Australian NGOs fear aid in the firing line yet again

Health worker Bisnu Poudel checks the blood pressure of Sabina Rai at a health post in Nepal. Further cuts to Australia’s foreign assistance budget may impact programs for the most vulnerable people, including health, education and WASH. Photo by: Jim Holmes / AusAID / DfAT / CC BY

Australia’s international development agencies are preparing for hard times ahead, predicting the nation’s already reduced foreign assistance budget could be further hit as aid again becomes a scapegoat in this year’s May budget announcement.

“While it would be catastrophic to the program for even more savings to be found from the Australian aid program it is nevertheless possible,” Andrew Johnson, political engagement manager at World Vision Australia, told Devex. He stressed that unless Prime Minister Tony Abbott assured the public that the budget for the aid program will be protected, “the aid community will continue to be concerned that further savings will be found and we believe this will do untold harm.”

Johnson fears further cuts to be more far-reaching, and may impact programs supporting the most vulnerable people, including health, education and WASH. Whole regions could see a loss of Australian funding and the political engagement managers is even expecting global programs to take a hit. New initiatives will likely be off the table as well.

Only the legally binding multilateral commitments will be safe.

“The scale of the cuts already announced … will touch every part of the aid program in some way or another,” Johnson said. “The program has already cut the ‘fat,’ it is now about amputating entire limbs.”

Given last year’s slim federal budget, Australia’s foreign aid envelope was cut by 11 billion Australian dollars ($8.6 billion) since September 2013 — comprising more than 20 percent of the total reductions in the budget.

“The government has stated that the reason for such large cuts is primarily to solve what it has termed as Australia’s ‘budget emergency,’” Tim O’Connor, communications director for UNICEF Australia, told Devex. But current estimates show Australian foreign aid will account for only 0.22 percent of gross national income by 2017-18, which according to Johnson is “the least generous level in recorded history.”

Aid cuts’ impact on development — and Australia’s leadership role

According to development agencies, this instability of aid funding is already leading to problems working with communities. Hard choices are being be made on where to invest and where to cut costs. Some cash-strapped nongovernmental organizations, for instance, are already mulling over whether they need to choose between investing in the health or education sector in a particular country.

“These cuts directly undermine the predictability of our funding partnerships,” Paul O’Callaghan, CEO of Caritas Australia, shared with Devex. This unpredictability has been further shown to reduce aid effectiveness by as much as 20 percent. O’Callaghan, however, does not believe the situation will improve any time soon.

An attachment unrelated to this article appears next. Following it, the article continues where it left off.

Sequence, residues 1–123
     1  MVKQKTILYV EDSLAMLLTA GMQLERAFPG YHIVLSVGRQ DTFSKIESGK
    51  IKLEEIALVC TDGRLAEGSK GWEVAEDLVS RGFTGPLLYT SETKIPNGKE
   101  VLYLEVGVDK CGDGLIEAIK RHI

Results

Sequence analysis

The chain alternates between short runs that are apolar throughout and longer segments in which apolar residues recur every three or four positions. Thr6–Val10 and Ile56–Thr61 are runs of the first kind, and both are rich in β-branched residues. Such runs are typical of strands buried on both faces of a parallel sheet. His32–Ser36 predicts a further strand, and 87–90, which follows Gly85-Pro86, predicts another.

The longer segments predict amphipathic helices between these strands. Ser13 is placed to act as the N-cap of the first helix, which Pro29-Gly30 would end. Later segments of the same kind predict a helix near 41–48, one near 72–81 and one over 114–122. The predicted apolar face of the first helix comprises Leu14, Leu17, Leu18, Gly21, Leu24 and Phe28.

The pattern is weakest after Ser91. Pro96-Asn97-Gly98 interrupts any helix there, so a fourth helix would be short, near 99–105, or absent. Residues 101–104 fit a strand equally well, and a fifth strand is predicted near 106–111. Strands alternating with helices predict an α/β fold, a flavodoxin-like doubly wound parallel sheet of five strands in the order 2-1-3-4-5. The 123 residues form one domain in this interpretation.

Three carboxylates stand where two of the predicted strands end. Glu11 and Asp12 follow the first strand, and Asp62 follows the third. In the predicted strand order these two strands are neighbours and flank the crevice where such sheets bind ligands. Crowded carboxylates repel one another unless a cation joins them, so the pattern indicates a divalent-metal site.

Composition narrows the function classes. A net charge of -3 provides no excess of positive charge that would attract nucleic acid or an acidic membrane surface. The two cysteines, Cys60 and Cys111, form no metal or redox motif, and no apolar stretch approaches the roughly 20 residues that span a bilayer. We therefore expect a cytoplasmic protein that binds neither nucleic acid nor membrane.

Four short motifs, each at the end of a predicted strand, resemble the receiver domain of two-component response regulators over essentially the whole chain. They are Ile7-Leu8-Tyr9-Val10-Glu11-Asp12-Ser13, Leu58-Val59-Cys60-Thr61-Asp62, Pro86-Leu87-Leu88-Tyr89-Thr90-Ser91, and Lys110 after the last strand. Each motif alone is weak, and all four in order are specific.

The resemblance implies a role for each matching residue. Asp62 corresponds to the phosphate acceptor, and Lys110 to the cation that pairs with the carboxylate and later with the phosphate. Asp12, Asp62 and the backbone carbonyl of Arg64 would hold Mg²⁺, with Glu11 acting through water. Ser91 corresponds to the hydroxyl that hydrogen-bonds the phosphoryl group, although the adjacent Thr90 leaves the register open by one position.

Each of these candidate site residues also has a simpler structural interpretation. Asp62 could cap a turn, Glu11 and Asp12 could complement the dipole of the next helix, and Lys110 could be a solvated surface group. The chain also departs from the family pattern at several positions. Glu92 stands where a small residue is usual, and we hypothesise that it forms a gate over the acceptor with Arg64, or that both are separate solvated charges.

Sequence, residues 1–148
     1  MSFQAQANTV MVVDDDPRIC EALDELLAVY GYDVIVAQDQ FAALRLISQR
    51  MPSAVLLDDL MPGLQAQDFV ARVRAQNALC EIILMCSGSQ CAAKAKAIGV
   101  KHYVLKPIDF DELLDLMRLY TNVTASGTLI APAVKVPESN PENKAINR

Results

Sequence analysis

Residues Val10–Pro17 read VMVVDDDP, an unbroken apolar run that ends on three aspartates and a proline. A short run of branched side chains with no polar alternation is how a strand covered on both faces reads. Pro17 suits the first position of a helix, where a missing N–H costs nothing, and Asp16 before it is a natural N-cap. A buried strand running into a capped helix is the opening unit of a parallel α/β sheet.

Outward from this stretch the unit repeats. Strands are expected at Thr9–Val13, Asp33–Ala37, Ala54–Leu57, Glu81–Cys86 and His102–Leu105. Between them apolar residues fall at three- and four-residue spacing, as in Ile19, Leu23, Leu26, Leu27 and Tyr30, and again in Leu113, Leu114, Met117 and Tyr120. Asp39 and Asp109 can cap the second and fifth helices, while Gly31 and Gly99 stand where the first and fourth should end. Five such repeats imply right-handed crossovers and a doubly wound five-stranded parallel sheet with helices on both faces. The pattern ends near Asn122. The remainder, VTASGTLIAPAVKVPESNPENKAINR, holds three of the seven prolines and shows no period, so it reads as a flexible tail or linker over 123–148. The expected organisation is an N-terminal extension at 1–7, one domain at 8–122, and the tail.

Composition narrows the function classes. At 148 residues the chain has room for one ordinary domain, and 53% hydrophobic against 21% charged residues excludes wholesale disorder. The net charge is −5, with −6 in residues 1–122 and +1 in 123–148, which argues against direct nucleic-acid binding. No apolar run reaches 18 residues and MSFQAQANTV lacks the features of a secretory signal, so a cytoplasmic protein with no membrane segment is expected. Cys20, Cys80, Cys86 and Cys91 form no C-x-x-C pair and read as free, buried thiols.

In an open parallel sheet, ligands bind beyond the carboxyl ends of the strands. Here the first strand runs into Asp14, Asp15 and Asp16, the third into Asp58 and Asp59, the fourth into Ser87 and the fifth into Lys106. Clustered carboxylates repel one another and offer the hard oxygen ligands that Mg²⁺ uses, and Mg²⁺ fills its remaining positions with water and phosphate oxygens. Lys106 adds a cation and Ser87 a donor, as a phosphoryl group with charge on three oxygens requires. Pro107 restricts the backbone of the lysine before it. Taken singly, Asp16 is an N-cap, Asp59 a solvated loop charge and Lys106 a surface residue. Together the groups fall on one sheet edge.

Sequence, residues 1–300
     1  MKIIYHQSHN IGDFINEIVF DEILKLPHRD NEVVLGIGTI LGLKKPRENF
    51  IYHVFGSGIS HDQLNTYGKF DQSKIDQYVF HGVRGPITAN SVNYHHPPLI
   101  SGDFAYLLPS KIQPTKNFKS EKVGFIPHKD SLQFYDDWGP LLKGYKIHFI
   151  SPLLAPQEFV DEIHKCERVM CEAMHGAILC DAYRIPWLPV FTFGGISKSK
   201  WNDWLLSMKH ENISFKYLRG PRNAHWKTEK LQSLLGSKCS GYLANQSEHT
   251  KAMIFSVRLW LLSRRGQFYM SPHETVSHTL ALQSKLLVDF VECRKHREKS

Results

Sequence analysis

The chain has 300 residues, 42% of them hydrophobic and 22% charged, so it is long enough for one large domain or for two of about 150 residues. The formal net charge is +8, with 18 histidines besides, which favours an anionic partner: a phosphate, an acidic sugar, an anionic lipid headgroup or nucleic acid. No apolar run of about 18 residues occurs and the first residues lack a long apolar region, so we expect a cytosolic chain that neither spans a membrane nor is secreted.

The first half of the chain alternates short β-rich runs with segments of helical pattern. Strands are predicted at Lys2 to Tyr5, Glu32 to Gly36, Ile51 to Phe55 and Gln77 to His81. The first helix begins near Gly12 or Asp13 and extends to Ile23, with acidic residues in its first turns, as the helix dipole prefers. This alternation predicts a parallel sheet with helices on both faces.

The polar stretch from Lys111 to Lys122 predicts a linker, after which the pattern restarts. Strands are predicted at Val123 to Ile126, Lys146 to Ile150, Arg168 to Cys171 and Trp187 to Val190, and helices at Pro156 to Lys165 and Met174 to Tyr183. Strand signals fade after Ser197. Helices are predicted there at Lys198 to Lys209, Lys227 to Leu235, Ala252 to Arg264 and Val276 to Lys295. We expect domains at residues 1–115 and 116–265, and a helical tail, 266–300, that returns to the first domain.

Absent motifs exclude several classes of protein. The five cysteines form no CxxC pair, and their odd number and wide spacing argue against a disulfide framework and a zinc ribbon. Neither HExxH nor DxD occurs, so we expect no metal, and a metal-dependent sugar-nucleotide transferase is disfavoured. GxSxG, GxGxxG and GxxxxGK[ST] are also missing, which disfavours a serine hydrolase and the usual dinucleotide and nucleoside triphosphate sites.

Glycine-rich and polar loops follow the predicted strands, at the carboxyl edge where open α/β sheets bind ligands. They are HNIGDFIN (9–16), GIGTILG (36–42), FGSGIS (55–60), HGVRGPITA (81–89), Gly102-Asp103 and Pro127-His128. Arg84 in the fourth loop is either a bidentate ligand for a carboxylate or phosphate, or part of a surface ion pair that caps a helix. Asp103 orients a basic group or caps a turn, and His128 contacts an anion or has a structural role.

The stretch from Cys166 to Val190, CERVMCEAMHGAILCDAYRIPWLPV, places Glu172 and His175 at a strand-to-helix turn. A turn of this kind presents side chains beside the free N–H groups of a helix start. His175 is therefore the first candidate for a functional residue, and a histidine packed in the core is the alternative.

For development agencies, the benefits can be seen in the government’s own numbers: A report released by the country’s foreign affairs and trade department confirms the effectiveness of the Australian aid program. How effective the program will be given massive budget cuts remains to be seen.

Worryingly, reductions in the aid budget are also affecting Australia’s role as a leader in Asia and the Pacific and increasing instability in the region.

“The scale of these cuts,” the Caritas chief noted, “[has diminished] Australia's contribution to poverty reduction and improved security in our region.”

Australia’s development agencies, however, aren’t just calling on Abbott’s conservative coalition government to protect the aid budget. They are also urging the administration to reverse previously announced cuts and to act more “Australian.”

“Over 1 in 5 Australian households contribute to charities — we are a country of compassion and generosity,” O’Callaghan stressed. “The government’s actions to dramatically reverse 50 years of Australia’s global leadership work as a wealthy country should be realigned with Australian values.”

The message to the Australian government is clear: enough is enough.

Has your organization been affected by this instability of aid funding from the Australian government? What measures have you implemented to ensure the effectiveness of your aid programs? Let us know by leaving a comment below.

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About the author

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    Lisa Cornish

    Lisa Cornish is a freelance data journalist based in Canberra, Australia. Lisa formerly worked with News Corp Australia as a data journalist for the national network and was published throughout Australia in major metropolitan and regional newspapers, including the Daily Telegraph in Melbourne, Herald Sun in Melbourne, Courier-Mail in Brisbane and online through Lisa has recently been awarded the 2014 Journalist of the Year by the New South Wales Institute of Surveyors.